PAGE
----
The same Cleveland police department that the federal government found routinely uses excessive force and is poorly trained also arrests black residents far more often than whites, according to an analysis of FBI statistics sent to International Business Times. In 2012, the latest year federal data is available, blacks were arrested 2.5 times more than whites. That was also the same year Cleveland police officers fatally shot two unarmed black people 157 times, sparking the Justice Department probe.
Cleveland is 53 percent black and 37 percent white, according to 2010 Census data. About 10,000 white Cleveland residents were arrested in 2012, or about 6.5 percent the city's 150,000 white residents. Almost 34,000 blacks were arrested, or about 15.9 percent of the roughly 212,000 African-Americans that call Cleveland home.
In all, African-Americans make up 68 percent of Cleveland arrests, but represent only 53 percent of its population. That arrest rate rose to 74 percent in 2013, according to an IBTimes analysis of data from the Ohio Department of Public Safety.
The racial disparity was most apparent with drug crimes. Blacks and whites use drugs at about the same rates, according to the Substance Abuse and Mental Services Administration. But African-Americans in Cleveland are punished at a greater rate than whites -- almost about 2.7 times more, according to the FBI data. There were 1,077 whites arrested for drug or narcotics offenses in Cleveland in 2012, or about 0.7 percent of the white population. Almost 4,000 blacks were arrested for the same crimes, or 1.87 percent of the black population.
The perceived unfairness in Cleveland's justice system and police tactics, particularly toward blacks, recently came under scrutiny after 12-year-old Tamir Rice was fatally shot late last month by a white police officer who believed the toy gun the black child was holding was real. The shooting unfolded against the backdrop of a grand jury’s decision last week not to indict a white police officer in the death of unarmed black teen Michael Brown in Ferguson, Missouri. Tamir's death also occurred nearly two weeks before a grand jury in Staten Island, New York, decided not to indict a white police officer in the chokehold death of a black man, Eric Garner, last summer.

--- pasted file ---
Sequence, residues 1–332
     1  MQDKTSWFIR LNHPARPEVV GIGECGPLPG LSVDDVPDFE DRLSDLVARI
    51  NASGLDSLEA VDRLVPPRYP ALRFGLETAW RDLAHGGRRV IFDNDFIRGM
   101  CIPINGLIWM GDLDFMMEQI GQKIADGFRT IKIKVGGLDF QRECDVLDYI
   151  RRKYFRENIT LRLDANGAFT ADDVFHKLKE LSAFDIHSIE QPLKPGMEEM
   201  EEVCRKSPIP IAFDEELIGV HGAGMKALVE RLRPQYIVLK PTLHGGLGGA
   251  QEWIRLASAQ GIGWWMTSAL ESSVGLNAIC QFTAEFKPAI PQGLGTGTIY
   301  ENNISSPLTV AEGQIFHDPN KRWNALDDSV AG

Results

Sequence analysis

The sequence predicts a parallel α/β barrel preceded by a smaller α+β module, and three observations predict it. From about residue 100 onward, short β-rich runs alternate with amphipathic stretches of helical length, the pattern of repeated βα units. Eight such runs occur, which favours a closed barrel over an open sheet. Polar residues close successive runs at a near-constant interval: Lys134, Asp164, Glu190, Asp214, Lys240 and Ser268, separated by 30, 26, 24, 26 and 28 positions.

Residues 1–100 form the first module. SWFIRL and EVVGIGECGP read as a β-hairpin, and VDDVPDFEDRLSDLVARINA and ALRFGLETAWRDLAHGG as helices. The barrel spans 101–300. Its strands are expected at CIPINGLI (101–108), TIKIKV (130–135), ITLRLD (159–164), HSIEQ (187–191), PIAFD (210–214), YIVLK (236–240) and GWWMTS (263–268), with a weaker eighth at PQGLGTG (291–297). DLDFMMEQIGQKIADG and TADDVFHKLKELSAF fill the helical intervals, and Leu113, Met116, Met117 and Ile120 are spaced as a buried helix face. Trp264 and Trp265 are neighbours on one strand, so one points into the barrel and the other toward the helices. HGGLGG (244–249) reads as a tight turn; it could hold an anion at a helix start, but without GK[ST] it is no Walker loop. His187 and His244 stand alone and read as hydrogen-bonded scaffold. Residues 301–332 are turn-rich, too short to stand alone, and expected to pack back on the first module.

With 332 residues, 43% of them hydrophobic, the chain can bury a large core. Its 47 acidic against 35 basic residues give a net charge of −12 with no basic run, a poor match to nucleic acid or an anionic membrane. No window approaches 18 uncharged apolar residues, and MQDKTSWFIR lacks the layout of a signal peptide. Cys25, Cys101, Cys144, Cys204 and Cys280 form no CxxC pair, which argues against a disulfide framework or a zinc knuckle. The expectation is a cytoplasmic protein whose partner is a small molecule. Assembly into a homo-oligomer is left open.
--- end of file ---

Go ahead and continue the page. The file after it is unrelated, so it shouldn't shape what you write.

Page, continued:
The racial tensions in Cleveland precede Tamir's fatal police shooting. In 2012, black residents Timothy Russell and Malissa Williams were killed in a hail of 157 bullets when officers mistook the sound of a car backfiring for gunshots. A civil lawsuit filed by the victims’ families was settled for $3 million just days before Tamir was shot.
The 2012 incident spurred the Justice Department probe that examined 600 cases where officers used force between 2010 and 2013. U.S. Attorney General Eric Holder announced Thursday that the investigation found the Cleveland police had a pattern of using excessive force and also inadequately trained officers. An independent monitor will now oversee that Cleveland trains its police force properly as a result of the DOJ findings.
“Accountability and legitimacy are essential for communities to trust their police departments, and for there to be genuine collaboration between police and the citizens they serve,” Holder said in a statement. “Although the issues in Cleveland are complex, and the problems longstanding, we have seen in city after city where we have been engaged that meaningful change is possible. There are real, practical and concrete measures that can be taken to ensure not only that police services are delivered in a constitutional manner but that promote public safety, officer safety, confidence and collaboration, transparency and legitimacy.”